Jimmy Buffett is a a country singer/songwriter from Pascagoula, Mississippi. He was one of the first artists mix reggae and other tropical elements with classic pop-country song structure, making him a pioneer of the island country sound later adopted by artists like Kenny Chesney and Zac Brown to name a few. His influence on recorded music is often underestimated, but it pales in comparison to his concerts. Buffet is undeniably a legend in the world of live performances. Incredibly, he’s toured every single year since 1976, racking up more than 40 separate tours and amassing an army of dedicated fans known as “Parrotheads.”
The experience of a Jimmy Buffett concert is something that simply must be seen in person. My first experience came last summer in Saint Louis on the “Son of a Son of a Sailor” tour. Buffett took the stage at eight and we arrived around noon to a full parking lot which had been transformed into a full fledged beach, complete with lawn chairs, campers, boats, swimming pools full of sand, and an uncountable number of blenders all hard at work whipping up margaritas. No matter where Buffett goes, he brings the beach with him, and last night in Nashville was no exceptions.
With no opening act, Jimmy took the stage a bit after eight and set to work on a show that lasted close to three hours. I’ve found myself impressed at both concerts by the fantastic pacing of the set list. With nearly 30 studio albums to his name, he has a bit of an advantage in this department, but a Buffett concert never seems to drag despite its length. He drops hits like “Volcano,” and “Cheeseburger in Paradise,” throughout, breaking up the monotony of lesser known tracks, and yet has plenty left in the tank for a strong close with iconic cuts like “Margaritaville,” and “Changes in Latitudes, Changes in Attitudes.”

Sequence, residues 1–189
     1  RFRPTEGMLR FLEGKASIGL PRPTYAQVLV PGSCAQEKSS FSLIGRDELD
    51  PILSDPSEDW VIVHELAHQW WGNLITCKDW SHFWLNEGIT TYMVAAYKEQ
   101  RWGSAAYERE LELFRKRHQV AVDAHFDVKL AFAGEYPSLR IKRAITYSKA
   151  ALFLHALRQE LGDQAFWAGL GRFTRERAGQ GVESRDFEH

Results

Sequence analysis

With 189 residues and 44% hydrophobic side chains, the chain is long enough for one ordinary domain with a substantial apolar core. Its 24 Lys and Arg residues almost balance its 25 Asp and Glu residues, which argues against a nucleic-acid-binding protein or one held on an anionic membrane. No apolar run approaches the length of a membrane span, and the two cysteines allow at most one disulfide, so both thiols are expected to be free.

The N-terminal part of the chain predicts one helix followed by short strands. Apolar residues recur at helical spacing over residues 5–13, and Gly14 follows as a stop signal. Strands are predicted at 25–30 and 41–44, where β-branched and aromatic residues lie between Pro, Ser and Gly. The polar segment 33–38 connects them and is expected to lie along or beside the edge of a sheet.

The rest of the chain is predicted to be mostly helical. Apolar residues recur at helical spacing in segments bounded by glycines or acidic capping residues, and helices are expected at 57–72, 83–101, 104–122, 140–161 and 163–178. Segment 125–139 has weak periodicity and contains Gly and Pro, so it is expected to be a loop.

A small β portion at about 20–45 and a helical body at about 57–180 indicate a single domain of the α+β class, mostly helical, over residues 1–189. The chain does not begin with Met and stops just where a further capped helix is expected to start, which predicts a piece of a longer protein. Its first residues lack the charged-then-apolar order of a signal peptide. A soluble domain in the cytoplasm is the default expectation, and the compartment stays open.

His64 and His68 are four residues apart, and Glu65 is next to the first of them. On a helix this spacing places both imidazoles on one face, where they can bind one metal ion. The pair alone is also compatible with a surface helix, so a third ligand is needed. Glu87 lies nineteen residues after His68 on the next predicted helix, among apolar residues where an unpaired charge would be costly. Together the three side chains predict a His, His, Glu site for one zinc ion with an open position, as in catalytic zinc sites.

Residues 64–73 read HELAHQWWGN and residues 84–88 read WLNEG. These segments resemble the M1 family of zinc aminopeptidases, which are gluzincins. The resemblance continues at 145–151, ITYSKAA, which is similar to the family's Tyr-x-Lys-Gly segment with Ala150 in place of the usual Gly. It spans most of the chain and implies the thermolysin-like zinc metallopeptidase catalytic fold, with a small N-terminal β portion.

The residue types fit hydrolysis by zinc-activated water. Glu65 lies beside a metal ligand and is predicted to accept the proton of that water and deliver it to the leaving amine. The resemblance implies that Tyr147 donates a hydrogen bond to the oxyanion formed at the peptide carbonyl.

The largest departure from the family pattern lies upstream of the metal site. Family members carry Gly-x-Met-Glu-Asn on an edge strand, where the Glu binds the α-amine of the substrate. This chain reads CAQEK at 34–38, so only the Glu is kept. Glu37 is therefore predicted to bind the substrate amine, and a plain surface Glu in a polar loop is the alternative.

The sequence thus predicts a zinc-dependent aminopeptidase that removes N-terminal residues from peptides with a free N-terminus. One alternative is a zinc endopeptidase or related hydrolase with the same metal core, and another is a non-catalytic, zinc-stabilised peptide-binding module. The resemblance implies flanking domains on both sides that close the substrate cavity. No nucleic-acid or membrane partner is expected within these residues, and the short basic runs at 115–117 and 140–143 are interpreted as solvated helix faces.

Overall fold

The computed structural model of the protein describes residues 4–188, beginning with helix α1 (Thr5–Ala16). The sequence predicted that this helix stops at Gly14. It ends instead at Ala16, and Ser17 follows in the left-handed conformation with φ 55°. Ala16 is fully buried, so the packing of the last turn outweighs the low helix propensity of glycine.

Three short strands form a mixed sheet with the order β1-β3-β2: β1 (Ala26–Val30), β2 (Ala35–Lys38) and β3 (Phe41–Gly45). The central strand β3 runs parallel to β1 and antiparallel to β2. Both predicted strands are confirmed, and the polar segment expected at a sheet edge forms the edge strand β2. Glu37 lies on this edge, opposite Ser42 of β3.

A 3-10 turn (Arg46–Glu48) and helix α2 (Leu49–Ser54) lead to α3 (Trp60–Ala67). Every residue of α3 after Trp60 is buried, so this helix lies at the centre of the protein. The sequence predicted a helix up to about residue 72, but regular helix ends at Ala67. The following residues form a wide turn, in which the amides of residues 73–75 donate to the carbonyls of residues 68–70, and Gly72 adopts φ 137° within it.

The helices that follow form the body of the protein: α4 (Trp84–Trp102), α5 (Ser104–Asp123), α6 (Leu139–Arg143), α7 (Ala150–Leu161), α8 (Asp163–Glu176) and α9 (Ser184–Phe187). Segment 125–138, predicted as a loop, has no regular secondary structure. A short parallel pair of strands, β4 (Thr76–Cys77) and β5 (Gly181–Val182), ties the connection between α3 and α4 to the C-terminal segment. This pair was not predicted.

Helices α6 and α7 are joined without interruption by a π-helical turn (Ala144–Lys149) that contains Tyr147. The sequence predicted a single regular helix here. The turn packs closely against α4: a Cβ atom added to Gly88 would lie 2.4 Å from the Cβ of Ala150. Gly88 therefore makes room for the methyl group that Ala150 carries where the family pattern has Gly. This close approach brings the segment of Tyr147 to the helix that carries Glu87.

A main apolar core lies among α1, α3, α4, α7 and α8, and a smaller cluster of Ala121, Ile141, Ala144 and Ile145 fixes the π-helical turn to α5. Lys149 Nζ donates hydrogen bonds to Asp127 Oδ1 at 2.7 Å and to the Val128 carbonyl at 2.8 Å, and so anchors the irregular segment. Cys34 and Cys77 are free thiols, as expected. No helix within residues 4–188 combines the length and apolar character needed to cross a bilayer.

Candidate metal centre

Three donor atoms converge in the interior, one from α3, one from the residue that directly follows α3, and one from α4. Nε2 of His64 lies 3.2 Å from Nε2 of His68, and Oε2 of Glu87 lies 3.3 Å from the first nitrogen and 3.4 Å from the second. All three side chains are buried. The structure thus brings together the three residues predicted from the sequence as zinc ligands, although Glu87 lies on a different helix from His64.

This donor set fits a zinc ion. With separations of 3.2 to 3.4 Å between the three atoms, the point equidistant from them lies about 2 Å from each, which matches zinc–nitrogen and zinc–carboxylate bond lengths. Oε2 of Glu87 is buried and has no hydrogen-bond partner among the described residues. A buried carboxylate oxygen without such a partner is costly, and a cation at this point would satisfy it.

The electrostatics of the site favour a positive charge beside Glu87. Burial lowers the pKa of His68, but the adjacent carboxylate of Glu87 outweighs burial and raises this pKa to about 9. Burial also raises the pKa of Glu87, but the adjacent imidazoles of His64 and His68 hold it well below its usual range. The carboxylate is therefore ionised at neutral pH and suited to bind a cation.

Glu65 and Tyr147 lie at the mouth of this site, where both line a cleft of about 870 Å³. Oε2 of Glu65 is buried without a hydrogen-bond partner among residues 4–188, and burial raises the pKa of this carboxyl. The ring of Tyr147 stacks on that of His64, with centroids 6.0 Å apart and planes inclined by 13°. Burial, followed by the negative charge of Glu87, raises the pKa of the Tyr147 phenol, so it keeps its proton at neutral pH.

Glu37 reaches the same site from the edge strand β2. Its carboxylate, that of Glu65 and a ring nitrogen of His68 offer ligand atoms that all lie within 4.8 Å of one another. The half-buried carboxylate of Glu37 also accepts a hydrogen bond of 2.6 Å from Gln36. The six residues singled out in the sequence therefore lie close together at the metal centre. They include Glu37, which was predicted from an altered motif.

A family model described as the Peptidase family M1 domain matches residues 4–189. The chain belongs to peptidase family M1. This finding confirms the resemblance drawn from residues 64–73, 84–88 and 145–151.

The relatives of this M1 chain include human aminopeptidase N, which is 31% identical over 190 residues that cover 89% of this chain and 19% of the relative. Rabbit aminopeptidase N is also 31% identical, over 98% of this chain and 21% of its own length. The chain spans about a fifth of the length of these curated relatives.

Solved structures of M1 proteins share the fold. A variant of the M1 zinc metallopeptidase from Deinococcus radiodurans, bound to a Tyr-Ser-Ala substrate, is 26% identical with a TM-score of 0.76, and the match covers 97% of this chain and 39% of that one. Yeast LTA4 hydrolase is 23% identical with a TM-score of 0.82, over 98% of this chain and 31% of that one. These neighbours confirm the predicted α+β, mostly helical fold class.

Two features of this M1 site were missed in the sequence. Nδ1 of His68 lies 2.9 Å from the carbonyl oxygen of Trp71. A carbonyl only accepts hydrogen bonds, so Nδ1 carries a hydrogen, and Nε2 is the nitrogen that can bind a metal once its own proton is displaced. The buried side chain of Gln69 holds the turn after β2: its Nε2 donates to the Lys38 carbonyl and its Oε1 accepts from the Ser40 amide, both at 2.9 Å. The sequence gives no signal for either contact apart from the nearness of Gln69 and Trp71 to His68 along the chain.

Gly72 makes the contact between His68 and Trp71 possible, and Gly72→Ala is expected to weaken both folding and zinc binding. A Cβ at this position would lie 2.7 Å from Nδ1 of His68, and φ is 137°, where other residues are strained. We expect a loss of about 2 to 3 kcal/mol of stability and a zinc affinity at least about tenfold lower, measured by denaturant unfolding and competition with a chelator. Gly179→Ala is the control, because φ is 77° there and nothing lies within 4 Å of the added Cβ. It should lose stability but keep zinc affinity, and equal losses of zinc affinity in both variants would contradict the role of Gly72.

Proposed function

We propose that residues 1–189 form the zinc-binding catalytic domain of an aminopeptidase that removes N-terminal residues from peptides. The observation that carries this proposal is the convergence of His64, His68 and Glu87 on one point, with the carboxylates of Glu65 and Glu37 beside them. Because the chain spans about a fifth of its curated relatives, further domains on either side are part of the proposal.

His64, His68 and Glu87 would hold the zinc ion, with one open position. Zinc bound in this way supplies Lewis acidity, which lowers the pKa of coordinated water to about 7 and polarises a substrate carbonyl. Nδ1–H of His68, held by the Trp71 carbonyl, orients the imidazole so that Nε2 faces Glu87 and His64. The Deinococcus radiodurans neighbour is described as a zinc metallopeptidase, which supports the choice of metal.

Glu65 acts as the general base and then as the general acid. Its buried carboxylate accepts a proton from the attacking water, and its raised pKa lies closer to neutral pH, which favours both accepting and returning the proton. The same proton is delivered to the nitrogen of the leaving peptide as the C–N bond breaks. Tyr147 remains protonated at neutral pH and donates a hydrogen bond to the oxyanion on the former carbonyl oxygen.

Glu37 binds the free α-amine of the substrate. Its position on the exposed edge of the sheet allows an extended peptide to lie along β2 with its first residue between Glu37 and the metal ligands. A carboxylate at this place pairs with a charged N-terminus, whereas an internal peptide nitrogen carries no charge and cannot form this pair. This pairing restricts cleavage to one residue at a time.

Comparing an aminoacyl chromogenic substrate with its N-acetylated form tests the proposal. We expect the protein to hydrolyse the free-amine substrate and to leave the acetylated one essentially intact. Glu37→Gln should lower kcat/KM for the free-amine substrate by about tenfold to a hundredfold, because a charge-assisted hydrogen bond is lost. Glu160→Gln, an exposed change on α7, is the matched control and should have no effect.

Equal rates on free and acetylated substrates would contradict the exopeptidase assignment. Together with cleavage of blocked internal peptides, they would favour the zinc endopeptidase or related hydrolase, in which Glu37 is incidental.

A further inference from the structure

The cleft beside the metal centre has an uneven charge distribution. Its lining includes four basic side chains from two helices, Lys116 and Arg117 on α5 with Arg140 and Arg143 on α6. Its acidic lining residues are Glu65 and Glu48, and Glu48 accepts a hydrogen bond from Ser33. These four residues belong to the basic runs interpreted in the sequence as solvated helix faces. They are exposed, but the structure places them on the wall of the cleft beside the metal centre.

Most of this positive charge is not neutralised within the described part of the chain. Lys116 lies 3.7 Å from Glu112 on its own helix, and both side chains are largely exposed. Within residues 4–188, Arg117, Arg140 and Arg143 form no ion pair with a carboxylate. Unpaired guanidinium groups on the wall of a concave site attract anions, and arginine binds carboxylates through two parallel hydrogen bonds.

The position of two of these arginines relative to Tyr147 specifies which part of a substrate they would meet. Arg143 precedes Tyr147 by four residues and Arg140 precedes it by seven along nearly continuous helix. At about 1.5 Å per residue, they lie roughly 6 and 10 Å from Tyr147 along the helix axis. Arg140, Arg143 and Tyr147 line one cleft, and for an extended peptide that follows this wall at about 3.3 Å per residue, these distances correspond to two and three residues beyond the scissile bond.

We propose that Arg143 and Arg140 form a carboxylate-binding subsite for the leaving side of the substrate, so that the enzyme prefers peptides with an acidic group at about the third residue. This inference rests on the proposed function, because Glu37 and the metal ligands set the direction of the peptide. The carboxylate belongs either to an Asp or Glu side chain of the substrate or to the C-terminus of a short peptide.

Even on lesser known tracks, there’s plenty to appreciate. Despite his care-free style and sayings like “I always try to spend your money irresponsibly,” Jimmy Buffett and the Coral Reefer Band that backs him are absolute professionals. This concert was especially fun because the majority of his instrumentalists are longtime Nashville players. I was particularly impressed by Peter Mayer who covered lead guitar duties and Doyle Grisham on pedal steel guitar. Both are Nashville legends in their own right and gave excellent performances throughout the night. Of course, Robert Greenidge’s steel pan drumming is also invaluable, as he is one of the top players in the world and his solo in the middle of the show was excellent.
All this being said, the highlight of the show is the man himself, Jimmy Buffett. From the opening moments of the show, the 72 year old icon is on fire, filled with enjoyable stories and bottomless energy. His voice has held up remarkably well over the 40+ years of touring, though few of the tracks are particularly taxing. Nevertheless, he’s an incredible frontman, and with the aide of longtime partner and country music legend, Mac McAnally, he brings quite the party to the stage and the three hours fly by quickly.
As much as I enjoyed the show, I did notice just a few shortcomings, mainly in the venue. The show was held at the Bridgestone Arena in Nashville, just a few steps from the massive crowd gathered for the final day of the NFL draft, and so there wasn’t the normal pre-show tailgating that Buffett is known for. Additionally, the crowd was much more subdued, and aside from the sea of Hawaiian style shirts, the costumes left quite a bit to be desired, though my group and I were proudly holding it down in light up shark fins, grass hula skirts, and coconut bras. The Saint Louis show certainly captured the atmosphere much better, but I still had a blast and felt that the performance itself was actually quite a bit better.
Ultimately, I can’t overstate how heavily I recommend that any serious music fan attend a Jimmy Buffett concert at least once. Even if you, personally, aren’t a fan of the music, there’s nothing like the traveling beach party that is one of his tours.
The Parrotheads are an extremely welcoming bunch, Jimmy Buffett and the Coral Reefer Band give an endlessly fun performance, and the overall experience must be seen to be believed.